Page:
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Interesting quotes aplenty from the ‘Apple and Samsung, frenemies for life‘ Reuters article this weekend:

Tim Cook, Jobs’ successor as Apple chief executive, was opposed to suing Samsung in the first place, according to people with knowledge of the matter, largely because of that company’s critical role as a supplier of components for the iPhone and the iPad…

…Cook, worried about the critical supplier relationship, was opposed to suing Samsung. But Jobs had run out of patience, suspecting that Samsung was counting on the supplier relationship to shield it from retribution.

Apple filed suit in April 2011, and the conflagration soon spread to courts in Europe, Asia and Australia. When Apple won its blockbuster billion-dollar jury verdict against Samsung last August, it appeared that it might be able to achieve an outright ban on the offending products – which would have dramatically altered the smartphone competition.

But, as the Samsung vs. Apple trial runs down to an effective stalemate, Reuters’ opinion is that Apple is likely to settle. The fact that current CEO Tim Cook was never in favor of suing Samsung to begin with (and he has said on multiple occasions that he hates litigation) makes it even more likely that a settlement will take place.

Former CEO Steve Jobs was of course willing to go “thermonuclear” and spend every last cent of Apple’s money to drive Android phones out of business. He even called Android ‘stolen products,’ according to the Walter Issacson authorized biography of Jobs.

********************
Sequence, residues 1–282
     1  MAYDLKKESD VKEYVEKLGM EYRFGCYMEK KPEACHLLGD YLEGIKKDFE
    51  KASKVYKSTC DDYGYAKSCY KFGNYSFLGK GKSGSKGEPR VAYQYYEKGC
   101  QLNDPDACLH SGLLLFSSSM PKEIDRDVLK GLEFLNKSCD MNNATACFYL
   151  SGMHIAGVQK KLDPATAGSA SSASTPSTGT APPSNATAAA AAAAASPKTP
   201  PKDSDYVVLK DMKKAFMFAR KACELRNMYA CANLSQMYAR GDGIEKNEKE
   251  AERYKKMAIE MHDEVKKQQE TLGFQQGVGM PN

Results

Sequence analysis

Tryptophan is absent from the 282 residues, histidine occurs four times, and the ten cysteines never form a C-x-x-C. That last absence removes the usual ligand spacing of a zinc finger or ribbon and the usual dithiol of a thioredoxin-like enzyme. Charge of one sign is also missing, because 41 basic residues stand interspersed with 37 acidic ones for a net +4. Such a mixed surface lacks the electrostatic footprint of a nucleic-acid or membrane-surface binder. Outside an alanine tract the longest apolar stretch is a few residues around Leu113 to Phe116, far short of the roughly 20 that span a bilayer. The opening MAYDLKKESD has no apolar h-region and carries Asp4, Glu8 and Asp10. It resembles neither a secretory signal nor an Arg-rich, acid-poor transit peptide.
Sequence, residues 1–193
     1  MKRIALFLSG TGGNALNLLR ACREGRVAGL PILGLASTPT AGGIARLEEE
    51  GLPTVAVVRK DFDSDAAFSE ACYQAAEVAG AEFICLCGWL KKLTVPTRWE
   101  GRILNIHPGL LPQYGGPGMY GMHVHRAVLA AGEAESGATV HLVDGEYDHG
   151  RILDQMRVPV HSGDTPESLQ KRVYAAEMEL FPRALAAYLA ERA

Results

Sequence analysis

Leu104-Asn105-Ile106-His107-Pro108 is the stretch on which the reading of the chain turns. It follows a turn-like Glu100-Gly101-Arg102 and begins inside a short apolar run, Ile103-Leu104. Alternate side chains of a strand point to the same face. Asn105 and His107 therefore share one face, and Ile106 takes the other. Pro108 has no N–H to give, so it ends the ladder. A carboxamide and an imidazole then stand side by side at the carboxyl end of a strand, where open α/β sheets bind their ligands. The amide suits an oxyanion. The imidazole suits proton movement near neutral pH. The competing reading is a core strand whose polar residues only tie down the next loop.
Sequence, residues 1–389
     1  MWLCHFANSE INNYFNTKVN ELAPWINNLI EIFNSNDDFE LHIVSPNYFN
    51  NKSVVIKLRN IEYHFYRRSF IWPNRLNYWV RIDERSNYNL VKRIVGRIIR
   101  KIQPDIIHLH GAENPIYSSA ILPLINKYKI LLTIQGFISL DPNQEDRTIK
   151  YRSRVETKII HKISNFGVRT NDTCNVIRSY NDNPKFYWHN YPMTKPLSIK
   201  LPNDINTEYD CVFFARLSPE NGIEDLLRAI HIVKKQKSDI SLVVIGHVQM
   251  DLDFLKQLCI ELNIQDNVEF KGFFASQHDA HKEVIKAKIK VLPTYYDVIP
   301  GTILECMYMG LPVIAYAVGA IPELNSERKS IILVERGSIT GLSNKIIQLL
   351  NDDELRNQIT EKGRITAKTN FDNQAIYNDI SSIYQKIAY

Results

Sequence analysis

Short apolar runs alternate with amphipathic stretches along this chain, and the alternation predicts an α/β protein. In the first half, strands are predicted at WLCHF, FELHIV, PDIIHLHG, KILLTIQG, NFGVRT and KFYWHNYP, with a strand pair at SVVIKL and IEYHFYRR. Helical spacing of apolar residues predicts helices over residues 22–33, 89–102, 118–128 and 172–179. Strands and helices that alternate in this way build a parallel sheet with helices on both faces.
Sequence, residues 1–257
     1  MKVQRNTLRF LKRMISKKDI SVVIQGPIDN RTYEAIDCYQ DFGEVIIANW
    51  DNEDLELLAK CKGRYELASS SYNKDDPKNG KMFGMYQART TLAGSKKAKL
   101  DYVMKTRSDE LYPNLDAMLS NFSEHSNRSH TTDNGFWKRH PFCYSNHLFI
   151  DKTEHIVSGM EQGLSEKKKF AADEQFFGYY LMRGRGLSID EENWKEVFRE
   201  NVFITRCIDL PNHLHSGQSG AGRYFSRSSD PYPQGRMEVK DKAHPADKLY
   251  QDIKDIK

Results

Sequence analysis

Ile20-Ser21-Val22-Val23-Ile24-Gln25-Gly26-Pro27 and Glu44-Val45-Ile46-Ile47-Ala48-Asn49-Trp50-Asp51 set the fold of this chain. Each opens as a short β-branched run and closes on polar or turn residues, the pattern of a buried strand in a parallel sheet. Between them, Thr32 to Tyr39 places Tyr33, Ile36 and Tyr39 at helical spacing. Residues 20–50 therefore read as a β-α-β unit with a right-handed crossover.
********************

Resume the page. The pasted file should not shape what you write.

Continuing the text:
As the article pointed out, Apple has moved swiftly to reduce reliance on its one-time ally, but it still has a lot tied up in displays, memory, storage, and, maybe most importantly, Ax processor manufacture.

Perhaps the legal battles have been overblown, as one source suggested:

“People play this stuff up because it shows a kind of drama, but the business reality is that the temperature isn’t that high,” said one attorney who has observed executives from both companies.

Another interesting tidbit on the genesis of the Apple-Samsung relationship:

The memory market in 2005 was extremely unstable, and Apple wanted to lock in a supplier that was rock-solid financially, people familiar with the relationship said. Samsung held about 50 percent of the NAND flash memory market at that time.

“Whoever controls flash is going to control this space in consumer electronics,” Jobs said at the time, according to a source familiar with the discussions.

It almost seems that companies that live by the outsourcing of manufacturing die by it as well. How long until Foxconn starts building its own phones, tablets, and computers?